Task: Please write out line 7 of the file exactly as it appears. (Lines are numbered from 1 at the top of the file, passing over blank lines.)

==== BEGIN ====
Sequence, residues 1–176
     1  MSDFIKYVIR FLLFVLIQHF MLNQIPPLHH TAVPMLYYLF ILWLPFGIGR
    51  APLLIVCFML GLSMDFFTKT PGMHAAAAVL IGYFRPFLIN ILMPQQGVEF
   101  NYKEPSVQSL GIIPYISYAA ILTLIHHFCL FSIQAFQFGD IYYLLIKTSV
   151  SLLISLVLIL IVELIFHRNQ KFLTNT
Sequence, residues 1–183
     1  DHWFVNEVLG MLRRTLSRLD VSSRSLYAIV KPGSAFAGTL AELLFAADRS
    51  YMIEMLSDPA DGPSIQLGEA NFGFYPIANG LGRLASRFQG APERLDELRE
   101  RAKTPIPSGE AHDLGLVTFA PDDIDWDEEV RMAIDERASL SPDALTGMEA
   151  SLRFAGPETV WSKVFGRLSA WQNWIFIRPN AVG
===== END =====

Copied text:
     1  DHWFVNEVLG MLRRTLSRLD VSSRSLYAIV KPGSAFAGTL AELLFAADRS